Though he retired in 1919, his enthusiasm for reinventing India did not dwindle. Instead, he left on another tour of the world to learn about new measures which could be implemented in India. This led to his recommending several schemes based on what he had seen during his travels. Inspired by the “Americanization” he observed, he advocated for a similar scheme of “Indianization” to be adopted. Drawing lessons from Japan and America, he further exhorted that the country’s resources ought to be developed. He believed that India’s poverty could be attributed to her undeveloped resources, along with the problems of an untrained population and a dearth of elementary education.

He also put great store by the application of science to industries. As President of the Indian Science Congress in 1923, he called for greater co-operation among scientific bodies and the inauguration of a single authoritative Indian publication for each science.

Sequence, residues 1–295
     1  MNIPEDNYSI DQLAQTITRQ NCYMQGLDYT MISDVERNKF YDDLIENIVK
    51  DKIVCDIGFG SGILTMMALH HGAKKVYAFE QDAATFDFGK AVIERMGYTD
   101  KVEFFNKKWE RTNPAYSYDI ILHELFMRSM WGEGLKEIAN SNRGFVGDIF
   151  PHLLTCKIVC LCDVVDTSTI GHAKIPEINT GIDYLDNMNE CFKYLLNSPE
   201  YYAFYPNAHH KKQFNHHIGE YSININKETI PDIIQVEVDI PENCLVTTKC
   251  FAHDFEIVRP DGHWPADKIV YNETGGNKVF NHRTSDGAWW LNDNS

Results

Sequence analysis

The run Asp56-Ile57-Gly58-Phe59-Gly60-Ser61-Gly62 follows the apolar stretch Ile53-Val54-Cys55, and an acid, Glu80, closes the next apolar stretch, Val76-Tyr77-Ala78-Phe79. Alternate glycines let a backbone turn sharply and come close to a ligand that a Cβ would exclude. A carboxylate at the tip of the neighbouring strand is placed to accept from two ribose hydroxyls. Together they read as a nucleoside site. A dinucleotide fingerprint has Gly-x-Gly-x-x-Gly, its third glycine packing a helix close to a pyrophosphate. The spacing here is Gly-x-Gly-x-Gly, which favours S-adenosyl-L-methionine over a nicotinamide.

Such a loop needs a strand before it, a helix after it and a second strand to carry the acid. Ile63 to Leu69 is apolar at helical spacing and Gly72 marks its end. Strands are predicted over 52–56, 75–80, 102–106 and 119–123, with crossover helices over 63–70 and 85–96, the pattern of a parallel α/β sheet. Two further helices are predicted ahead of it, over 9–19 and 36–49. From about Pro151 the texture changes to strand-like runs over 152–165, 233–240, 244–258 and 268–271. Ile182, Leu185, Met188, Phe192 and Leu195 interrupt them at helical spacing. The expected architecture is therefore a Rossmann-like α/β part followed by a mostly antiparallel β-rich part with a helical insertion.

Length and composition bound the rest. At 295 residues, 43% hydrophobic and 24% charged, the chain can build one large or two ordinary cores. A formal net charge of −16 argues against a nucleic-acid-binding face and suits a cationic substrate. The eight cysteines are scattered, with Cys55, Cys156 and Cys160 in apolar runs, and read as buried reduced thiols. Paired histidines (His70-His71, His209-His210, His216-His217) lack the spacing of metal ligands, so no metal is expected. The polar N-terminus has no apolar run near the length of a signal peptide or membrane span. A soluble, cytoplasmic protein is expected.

Aside from his interest in administrative and industrial reform, he was also acutely aware of the importance of social reform. Visvesvaraya’s proposed model of social reform lay in tailoring measures according to prevailing modern circumstances. Convinced that social and political progress shared a symbiotic relationship, he held that healthy social conditions were key to social well being and that it was the state’s duty to provide them. Though he cautioned against the creation of slums in urban areas, he strongly dismissed the idea that slums and the civilized urban life could not be separated. Among some of his proposals for social reform were a high standard of sanitation and civic utilities, the education of women and the need to instill social discipline, which he thought would stem chiefly from the development of the co-operative movement.

Source: Indian Statesmen, 1st ed (Madras: G.A Natesan & Co., 1927), 161-192


Speeches by Sir M. Visvesvaraya: 1910-11 to 1916-17 (Bangalore: Printed at the Government Press, 1917)

Reconstructing India (London: P.S. King & Son, 1920)

Nation Building: A Five-Year Plan for the Provinces (Banglore: The Bangalore Press, 1937)

Memoirs of My Working Life (Bangalore: Visvesvaraya, 1951)

Ideas of IndiaIdeas of India